by Jeremaiah M. Opiniano
An OFW Journalism Consortium news flash exclusive
–CHARGING excessive fees and misrepresentation topped the list of violations committed by various recruitment agencies in the country, according to data from the Philippine Overseas Employment Administration.
In a copy of data provided to the OFW Journalism Consortium, the two violations, formally catalogued as charging/collection of excessive fees and misrepresentation in relation to recruitment/placement of workers, stand out among the 147 types of infringements handled by a POEA arbiter between 2006 and 2010.
Last year, misrepresentation topped the POEA violation list with 1,712 cases, while excessive charging had 1,208 cases.
The misrepresentation violation was the subject of 1,172 cases in 2006, 1,711 in 2007, 2,006 cases in 2008, and 2,515 cases in 2009.
Meanwhile, over-charging had 871 cases in 2006, 1,279 in 2007, 1,778 in 2008 and 1,870 in 2009.
The POEA has an adjudication branch that handles cases arising from violations of recruitment regulations and disciplinary cases. This office is tied to POEA’s licensing branch since the violations by recruitment agencies are evaluated vis-à-vis the licenses the agency hands out to recruiters.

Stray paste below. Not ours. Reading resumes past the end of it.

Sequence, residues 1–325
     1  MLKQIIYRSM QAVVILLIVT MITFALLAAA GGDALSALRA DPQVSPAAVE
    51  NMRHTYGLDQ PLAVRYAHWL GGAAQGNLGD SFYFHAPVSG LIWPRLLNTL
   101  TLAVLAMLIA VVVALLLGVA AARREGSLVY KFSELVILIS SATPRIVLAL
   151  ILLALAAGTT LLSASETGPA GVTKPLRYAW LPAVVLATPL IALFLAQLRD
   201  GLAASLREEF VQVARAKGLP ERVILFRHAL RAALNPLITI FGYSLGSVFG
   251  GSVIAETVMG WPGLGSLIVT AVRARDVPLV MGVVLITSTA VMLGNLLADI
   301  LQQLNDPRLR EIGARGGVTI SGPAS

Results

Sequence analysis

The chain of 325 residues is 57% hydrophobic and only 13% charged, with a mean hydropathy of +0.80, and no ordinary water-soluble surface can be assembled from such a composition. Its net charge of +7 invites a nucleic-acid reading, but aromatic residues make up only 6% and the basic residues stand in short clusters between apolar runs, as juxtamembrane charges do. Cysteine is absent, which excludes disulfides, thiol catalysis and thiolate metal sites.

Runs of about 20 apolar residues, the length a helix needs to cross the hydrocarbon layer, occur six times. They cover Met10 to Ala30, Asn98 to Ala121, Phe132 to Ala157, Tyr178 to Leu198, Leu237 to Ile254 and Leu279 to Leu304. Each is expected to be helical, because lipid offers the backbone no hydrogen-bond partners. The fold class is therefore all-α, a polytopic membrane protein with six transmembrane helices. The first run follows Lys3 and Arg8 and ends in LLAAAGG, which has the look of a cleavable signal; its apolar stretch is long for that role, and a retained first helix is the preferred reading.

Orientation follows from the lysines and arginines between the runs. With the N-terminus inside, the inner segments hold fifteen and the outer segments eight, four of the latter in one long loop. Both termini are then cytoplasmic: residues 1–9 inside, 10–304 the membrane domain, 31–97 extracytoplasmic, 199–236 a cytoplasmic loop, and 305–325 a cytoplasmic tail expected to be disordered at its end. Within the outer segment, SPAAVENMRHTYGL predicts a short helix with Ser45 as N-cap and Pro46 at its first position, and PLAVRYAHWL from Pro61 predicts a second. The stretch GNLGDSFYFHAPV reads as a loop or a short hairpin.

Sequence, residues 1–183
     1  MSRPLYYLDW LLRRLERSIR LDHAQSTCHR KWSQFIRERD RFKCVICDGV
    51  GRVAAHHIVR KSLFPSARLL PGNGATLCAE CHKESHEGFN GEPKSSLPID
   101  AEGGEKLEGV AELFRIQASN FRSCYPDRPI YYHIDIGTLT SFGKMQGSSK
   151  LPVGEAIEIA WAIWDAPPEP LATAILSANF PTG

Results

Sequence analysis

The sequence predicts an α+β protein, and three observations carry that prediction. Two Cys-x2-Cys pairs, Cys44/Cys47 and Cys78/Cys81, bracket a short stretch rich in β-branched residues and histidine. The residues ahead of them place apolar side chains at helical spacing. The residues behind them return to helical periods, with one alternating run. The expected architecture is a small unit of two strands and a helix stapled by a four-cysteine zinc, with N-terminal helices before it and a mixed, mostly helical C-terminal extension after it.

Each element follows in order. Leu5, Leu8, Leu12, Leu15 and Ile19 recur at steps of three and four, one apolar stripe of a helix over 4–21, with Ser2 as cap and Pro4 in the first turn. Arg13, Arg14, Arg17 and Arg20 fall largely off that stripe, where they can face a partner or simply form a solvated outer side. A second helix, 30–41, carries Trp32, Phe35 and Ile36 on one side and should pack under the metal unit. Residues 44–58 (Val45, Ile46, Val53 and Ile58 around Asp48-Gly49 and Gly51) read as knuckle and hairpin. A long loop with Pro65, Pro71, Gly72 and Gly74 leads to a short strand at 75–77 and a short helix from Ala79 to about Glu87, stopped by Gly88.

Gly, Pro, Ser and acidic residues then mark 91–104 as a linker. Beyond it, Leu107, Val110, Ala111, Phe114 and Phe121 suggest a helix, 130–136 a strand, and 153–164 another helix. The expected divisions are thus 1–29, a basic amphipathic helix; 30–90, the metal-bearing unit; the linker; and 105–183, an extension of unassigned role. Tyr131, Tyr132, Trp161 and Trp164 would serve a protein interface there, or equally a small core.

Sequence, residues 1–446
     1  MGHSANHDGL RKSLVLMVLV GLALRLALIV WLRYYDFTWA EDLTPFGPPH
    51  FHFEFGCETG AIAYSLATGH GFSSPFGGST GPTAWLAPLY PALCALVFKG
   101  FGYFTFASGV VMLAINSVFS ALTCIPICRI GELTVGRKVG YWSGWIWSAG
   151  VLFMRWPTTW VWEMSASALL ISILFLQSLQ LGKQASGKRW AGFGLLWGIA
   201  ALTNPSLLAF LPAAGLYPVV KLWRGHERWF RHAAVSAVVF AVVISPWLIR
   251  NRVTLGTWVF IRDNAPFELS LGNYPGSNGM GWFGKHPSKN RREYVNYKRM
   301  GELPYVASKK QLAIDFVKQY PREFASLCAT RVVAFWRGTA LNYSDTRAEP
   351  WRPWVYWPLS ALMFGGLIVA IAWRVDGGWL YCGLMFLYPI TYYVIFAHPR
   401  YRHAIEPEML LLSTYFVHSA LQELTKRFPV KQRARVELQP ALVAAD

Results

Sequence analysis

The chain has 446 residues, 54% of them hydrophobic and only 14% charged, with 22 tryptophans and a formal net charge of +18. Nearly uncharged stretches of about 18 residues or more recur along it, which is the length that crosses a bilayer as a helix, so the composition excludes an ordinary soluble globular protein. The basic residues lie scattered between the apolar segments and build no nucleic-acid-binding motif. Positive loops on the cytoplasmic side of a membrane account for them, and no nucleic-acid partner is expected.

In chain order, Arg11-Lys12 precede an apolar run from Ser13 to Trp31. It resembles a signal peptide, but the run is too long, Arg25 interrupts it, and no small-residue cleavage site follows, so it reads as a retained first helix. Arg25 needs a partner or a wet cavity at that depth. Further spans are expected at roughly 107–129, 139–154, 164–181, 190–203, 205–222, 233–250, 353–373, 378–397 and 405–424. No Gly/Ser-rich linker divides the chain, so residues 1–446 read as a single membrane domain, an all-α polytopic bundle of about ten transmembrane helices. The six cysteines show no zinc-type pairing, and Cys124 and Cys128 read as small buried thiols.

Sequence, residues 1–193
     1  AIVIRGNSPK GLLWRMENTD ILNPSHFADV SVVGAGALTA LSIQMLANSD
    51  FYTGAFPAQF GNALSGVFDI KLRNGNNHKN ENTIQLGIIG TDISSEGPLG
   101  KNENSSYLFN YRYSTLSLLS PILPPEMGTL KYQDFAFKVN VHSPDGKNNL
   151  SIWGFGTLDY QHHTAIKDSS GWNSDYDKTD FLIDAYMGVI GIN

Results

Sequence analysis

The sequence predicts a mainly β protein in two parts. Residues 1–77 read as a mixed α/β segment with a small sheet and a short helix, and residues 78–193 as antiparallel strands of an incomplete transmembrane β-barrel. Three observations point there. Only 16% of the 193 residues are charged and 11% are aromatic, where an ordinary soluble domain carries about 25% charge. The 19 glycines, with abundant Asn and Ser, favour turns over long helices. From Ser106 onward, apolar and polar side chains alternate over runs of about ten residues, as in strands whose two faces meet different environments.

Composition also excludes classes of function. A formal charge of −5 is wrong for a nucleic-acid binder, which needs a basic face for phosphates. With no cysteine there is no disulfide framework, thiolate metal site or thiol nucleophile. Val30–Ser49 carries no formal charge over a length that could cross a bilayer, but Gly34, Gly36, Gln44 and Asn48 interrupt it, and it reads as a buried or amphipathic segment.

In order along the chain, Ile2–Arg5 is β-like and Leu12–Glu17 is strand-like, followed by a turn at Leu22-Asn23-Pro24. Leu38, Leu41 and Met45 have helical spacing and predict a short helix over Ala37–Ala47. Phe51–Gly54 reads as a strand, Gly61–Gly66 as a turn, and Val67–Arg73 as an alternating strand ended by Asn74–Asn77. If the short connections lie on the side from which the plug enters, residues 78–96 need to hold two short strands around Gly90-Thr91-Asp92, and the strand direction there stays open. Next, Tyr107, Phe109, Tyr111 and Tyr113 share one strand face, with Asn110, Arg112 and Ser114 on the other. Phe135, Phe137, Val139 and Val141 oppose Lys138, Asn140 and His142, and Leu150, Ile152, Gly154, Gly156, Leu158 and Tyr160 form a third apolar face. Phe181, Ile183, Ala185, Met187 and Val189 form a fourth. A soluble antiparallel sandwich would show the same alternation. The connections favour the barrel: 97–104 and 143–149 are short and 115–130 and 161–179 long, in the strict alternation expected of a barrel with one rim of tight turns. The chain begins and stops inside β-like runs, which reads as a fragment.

Other types of violations in 2010 included non-issuance of appropriate receipts, 890 cases; default on contractual obligation to the migrant worker and to its Philippine agent, 527; premature collection of fee, 419; and misrepresentation for purposes of job application or employment, 383.
If a POEA adjudicator decides to pursue the case as illegal recruitment, the agency will file the case. In 2010, the POEA handled 1,648 illegal recruitment cases but the disposition rate, or cases resolved, was only at 17 percent.
In 2010, the POEA data shows that only 12 people were arrested for illegal recruitment, and only six establishments were closed.
A policy study by the state-run Philippine Institute of Development Studies (PIDS) on regulating labor migration found POEA’s resolution of welfare and adjudication cases as “satisfactory.”
Authors Dr. Aniceto Orbeta and Michael Abrigo observed, however, that illegal recruitment cases cannot be resolved rapidly.
“Something’s wrong with the letter of the law and the capacity to handle these recruitment cases,” Orbeta said at a recent regional policy forum on migration management in Southeast Asia.#